Women aren’t fighters by nature. They aren’t “kick-ass.” They’re more about their immediate surroundings than changing the world. Studies show young male chimps are drawn to toy trucks while young females like dolls. It is inherently male to want to control things across the world and run over anything that stands in our way. It is inherently female to want to nest and nurture and make the home a safe place to be. When male chimps write parts for women, they put a truck in her hand and say she’s in the driver’s seat. This is what girl power has always been about.
You see the same character played by Sarah Silverman in Wreck-It Ralph. Women don’t do this in real life. No woman has ever won NASCAR. They can barely drive a motorbike over a log. Yet we keep telling them they’re kick-ass and sticking them in the driver’s seat. This is because we love looking at fast cars and we love looking at hot chicks. Ford Mustang recently released a prank video where some “dumb blonde” pretends she can’t drive but reveals she is actually a stunt driver after blowing everyone’s minds with some intense burnouts. This is presented as a feminist statement that shatters stereotypes, but it’s just men making women do man stuff because they like both.
On a recent episode of Mob Wives, one of the loudmouthed sluts yells, “It takes balls to admit you’re wrong, and if she doesn’t apologize to me, SHE HAS NO BALLS!” I don’t want women to have balls. I want them to have vaginas. I’m not saying I want them to stay at home fluttering their lashes and handing me a steak while wearing high heels (though I wouldn’t complain if my wife gave that a try). I’m saying being kick-ass only appeals to the nerds who play video games and want the Tomb Raider they’re looking at to also have big tits. It’s not feminist to see a chick do a backflip and blow a monster’s head off. It’s male-ist.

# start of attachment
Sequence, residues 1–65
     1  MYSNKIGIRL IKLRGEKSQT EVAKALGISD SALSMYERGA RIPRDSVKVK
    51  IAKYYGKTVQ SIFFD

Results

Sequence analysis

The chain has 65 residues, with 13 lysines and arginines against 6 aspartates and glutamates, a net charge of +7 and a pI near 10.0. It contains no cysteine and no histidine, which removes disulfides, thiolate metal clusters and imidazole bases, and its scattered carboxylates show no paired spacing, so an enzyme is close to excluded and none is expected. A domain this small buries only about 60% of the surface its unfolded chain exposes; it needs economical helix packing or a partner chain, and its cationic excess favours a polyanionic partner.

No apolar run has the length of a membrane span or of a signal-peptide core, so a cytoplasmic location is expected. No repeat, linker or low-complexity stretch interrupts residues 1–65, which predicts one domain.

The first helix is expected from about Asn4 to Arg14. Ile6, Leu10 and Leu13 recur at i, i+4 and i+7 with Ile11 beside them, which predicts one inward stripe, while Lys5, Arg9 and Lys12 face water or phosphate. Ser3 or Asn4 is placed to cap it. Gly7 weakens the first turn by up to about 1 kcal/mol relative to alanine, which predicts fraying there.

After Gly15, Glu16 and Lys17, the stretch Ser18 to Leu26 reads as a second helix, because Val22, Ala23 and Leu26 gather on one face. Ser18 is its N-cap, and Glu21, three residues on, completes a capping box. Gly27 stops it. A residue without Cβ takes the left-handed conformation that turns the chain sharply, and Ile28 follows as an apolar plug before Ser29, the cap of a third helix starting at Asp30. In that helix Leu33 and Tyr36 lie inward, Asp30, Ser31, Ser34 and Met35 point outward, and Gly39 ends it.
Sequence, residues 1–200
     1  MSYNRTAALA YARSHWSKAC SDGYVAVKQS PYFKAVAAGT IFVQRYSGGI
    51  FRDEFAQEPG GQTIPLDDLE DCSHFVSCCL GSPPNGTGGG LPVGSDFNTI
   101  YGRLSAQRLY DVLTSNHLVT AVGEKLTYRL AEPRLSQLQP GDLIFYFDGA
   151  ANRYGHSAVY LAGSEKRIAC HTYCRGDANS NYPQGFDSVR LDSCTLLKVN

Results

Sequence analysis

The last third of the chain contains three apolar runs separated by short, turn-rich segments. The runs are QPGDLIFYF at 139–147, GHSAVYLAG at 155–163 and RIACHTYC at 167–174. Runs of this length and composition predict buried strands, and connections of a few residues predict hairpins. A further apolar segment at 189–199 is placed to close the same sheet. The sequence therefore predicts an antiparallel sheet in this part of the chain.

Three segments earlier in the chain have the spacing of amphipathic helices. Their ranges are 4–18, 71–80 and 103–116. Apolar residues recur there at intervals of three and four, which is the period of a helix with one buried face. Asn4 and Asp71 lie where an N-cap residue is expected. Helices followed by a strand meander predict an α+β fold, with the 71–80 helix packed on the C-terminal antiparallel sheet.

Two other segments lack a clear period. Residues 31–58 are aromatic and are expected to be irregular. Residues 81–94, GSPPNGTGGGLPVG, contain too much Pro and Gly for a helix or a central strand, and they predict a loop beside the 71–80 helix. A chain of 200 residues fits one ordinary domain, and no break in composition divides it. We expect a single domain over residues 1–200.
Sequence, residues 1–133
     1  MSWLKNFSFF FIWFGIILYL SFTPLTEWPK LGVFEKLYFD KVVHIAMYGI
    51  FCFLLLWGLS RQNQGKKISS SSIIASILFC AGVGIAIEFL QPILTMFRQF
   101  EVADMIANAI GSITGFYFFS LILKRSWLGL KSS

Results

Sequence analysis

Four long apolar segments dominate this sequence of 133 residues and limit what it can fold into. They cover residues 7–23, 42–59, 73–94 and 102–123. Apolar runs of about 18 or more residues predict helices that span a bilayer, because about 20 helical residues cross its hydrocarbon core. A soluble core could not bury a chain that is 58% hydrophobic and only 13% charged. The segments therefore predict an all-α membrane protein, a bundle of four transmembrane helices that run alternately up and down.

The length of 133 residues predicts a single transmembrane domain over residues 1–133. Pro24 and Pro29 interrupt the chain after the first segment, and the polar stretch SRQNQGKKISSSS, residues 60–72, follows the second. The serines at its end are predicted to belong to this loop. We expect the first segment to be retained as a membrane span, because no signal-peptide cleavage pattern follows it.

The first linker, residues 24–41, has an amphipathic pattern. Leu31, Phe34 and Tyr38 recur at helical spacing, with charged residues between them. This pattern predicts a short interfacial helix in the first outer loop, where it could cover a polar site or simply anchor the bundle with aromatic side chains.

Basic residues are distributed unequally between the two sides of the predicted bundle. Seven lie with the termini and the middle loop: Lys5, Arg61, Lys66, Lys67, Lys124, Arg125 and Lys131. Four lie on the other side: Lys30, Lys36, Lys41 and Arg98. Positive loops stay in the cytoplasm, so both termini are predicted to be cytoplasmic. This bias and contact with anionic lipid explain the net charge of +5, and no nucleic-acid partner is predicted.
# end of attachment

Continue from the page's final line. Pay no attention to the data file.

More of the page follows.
We tell women they’re men and they should fuck like men. This leads them to march down the street in Slut Walks baring their breasts and demanding they be allowed to do so. (It’s already legal in New York, yet they keep doing this protest with no complaints from any men whatsoever.) They demanded we let them burn their bras so we can see their tits better. They insisted we stop seeing them as baby machines, so we banged them until their ovaries dried up and then kicked them to the curb. We’ve got them so brainwashed, they think “vagina” is a sexist term because it excludes women with a penis. We say feminism is empowering, but kick-ass chicks end up 40 and alone with their dog, while you’ll rarely see a happier woman than a young married Catholic chick with three or more kids.
March 1, 2015
Writing in City Journal, Kay S. Hymowitz discusses what the book and movie say about modern women:
In her standup act, comedian Whitney Cummings scoffs at the claim that men like strong women. “Sorry, I’ve watched porn,” she says. “Men like Asian schoolgirls with duct tape on their mouths.” In that vein, consider the popular idea that women want sensitive men who do the laundry without being told. Sorry, I’ve read — and now watched — 50 Shades of Grey. Women like men who tie them up and flog them in a Red Room of Pain. With duct tape on their mouths.
I’m only half-kidding. The film’s reviews, like the reviews of E.L. James’s 2011 book, are full of well-deserved snark about its inane dialogue, flat characters, and contrived plot. But the story’s wild popularity suggests that James knows something most of us don’t about the mix of lust, romantic longing, and post-feminist morality that swirls inside the brains of young women today.
It’s a remarkable coincidence that this particular pornographic fantasy has seized the global female imagination at the same moment that rape and sexual violence against women has become a leading social justice cause. The coincidence is heightened by the fact that the story’s protagonist, Anastasia Steele, is a coed on the cusp of graduation. She is in many respects an ordinary, modern college girl. She’s independent, a little boozy, cash-strapped, and working her way through school in a hardware store. She drives a battered Volkswagen beetle. Yes, she is a virgin. But that’s not because she’s a prude — “Holy crap, no!” as the feisty heroine would put it. She just hasn’t found a guy who pushes her buttons. That is, until she sacrifices her virginity and good judgment to the highly practiced sexual power of the brooding and distinctly un-politically-correct billionaire Christian Grey, a man of “singular tastes.”